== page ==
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Hand County Votes Down 50,000-Head Feedlot; Connection to NBP

Sometimes I wonder if South Dakotans are so desperate for economic development that they'll sacrifice anything—clean air, clean water, decent roads, decent wages—to get it.

And sometimes, some South Dakotans surprise me by drawing the line. Out in Hand County last week, in the heart of cattle country, the county commission voted down a conditional-use permit for a 50,000-head feedlot.

50,000 head of cattle. There are only 3,388 people in Hand County. That's a lot more poop and smell and wear on the roads hauling those cattle in and out. Neighbor Candice Lockner says good riddance:

Candice Lockner, a neighbor and opponent, says she thinks the issue was over, considering that the conditional use required the project to be “compatible with surrounding properties” and that the “industrial size of the proposal” wasn’t acceptable.

“I pray that this ends it,” Lockner says, adding that she thinks the project failed because the estimates of truck numbers and the cost of road improvements, among other things, were “fluid” [Mikkel Pates, "SD County Votes Down 50,000-Head Feedlot," AgWeek, 2014.05.06].

Northern Prime Feeders organizers Steve Munger and sons A.J. and Nate aren't giving up on their plan, which they announced in January 2013. Dad Steve says they'll just take their business elsewhere:

“We’ll go to another community that actually wants some economic growth,” Munger said [Pates, 2014.05.06].

Maybe they can head up to Brown County, which is surely looking for some sort of replacement for the never-realized economic impact of the bankrupt Northern Beef Packers. A.J. Munger should know all about that: he was Northern Beef Packers' Director of New Business Development, Pricing, and Marketing. The Mungers' Eagle Pass Ranch appears to have had a marketing deal with NBP before it went under.


  1. mike from iowa 2014.05.15

    Thanks Cory,I knew I had heard the Munger name somewhere before. You tied them together for me and saved my last few brain cells a world of wondering.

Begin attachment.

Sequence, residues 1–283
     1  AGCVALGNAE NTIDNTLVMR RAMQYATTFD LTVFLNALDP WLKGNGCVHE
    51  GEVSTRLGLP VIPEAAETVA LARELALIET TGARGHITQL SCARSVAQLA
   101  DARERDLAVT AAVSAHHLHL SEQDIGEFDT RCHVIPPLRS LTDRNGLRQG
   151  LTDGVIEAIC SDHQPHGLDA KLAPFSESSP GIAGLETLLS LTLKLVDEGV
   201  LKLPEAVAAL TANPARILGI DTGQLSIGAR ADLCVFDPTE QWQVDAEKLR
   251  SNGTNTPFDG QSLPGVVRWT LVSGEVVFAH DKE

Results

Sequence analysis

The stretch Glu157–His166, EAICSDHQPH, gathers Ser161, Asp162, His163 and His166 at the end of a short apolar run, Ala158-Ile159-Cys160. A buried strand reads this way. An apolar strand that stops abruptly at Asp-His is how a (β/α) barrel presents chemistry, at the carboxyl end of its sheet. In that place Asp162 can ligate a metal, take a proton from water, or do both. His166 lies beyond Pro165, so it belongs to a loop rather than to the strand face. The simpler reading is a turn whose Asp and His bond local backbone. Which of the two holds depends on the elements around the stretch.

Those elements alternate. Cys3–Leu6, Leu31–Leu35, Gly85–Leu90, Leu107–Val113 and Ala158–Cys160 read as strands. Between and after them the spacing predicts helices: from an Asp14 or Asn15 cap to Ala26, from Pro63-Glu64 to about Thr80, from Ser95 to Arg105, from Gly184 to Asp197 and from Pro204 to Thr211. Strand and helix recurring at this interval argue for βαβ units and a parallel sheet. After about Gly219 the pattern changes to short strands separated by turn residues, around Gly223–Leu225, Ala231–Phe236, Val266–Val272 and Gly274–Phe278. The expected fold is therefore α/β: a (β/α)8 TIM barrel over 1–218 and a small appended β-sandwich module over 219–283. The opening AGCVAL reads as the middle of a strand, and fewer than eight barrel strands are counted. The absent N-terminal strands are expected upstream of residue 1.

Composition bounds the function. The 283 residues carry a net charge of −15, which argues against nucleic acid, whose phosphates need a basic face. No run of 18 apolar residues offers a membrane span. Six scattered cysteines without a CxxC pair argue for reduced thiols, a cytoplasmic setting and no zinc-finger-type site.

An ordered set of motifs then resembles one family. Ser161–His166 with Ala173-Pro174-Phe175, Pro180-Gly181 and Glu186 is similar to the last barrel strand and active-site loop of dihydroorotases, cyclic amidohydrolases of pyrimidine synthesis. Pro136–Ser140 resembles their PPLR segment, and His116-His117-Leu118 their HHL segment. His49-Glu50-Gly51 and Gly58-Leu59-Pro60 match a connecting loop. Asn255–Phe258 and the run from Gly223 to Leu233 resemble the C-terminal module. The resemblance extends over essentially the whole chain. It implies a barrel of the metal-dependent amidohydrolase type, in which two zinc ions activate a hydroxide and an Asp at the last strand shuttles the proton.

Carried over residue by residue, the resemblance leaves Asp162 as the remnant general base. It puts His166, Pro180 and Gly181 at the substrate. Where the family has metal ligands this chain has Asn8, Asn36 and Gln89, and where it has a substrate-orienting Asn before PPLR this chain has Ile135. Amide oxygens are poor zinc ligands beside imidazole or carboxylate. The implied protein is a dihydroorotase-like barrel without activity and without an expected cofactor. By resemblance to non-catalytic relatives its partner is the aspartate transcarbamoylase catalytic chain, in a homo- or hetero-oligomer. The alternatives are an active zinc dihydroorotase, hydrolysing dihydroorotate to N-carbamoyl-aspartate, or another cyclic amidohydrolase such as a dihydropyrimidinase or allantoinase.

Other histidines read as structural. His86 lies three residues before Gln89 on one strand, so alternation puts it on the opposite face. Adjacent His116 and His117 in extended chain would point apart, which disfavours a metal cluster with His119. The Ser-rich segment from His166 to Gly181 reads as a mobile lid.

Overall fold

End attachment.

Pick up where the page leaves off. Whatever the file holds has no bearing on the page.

2. John Tsitrian 2014.05.15

    This one's a tough call for me, Cory, mainly because the most natural pathway for economic development in South Dakota is adding value to our raw materials, including finishing cattle once they come off our abundant pastures. I fed quite a few cattle out here in western SD during the 90s and always though it was a shame that more of our calves weren't retained here in the state, where we have all the raw materials (mainly calves and feed) available right here. I believe that if we had a more extensive feedlot industry (I recall back then that something like 80% of our calves went to other states for finishing--I'm eminently correctable on this if somebody here has more current numbers) that a sizable meatpacking plant like NBP would have a realistic chance at making a go of it. As it is, millions upon millions of dollars of value are lost to South Dakota as our calves move across state lines, mainly south, to feedlots in the central Plains. Nothing against the good citizens of Hand County who have every right to determine their own economic destiny, but the result of their antagonism to a plan like this simply means that a lot of economic development will have to look elsewhere for a home.

  3. Charlie Johnson 2014.05.15

    We do need more livestock in South Dakota. We just need to "man up" to do so on a widespread and diversified basis. We don't need or want 50,000 cattle on one section of land. We need 100 cattle being finished on 500 diversified farms in South Dakota. That is closest connection we can make to efficiency of cattle feeding. Feed the cattle where the feed is!! Let the land take care of the livestock and the livestock take care of the land. There's an old axiom---"Raise everything(that includes the calf)you feed and feed everything(that includes the calf) you raise."

  4. Joe 2014.05.15

    50,000 is big, but I wouldn't be opposed to 10K. The whole argument 100 people finishing 500 is a poor argument. The problem is when people finish 500 they don't have the proper facilities and the pollution is actually worse then one of 5,000. You get above 1,000 and the EPA is involved and you can't mess around with them. Now the problem with 50,000 is that the size and material intake it takes becomes too large. There is a 100,000 head feedlot in Broken Bow that I've seen a couple times and its alright, but for numerous reasons it couldn't work in South Dakota.

  5. mike from iowa 2014.05.15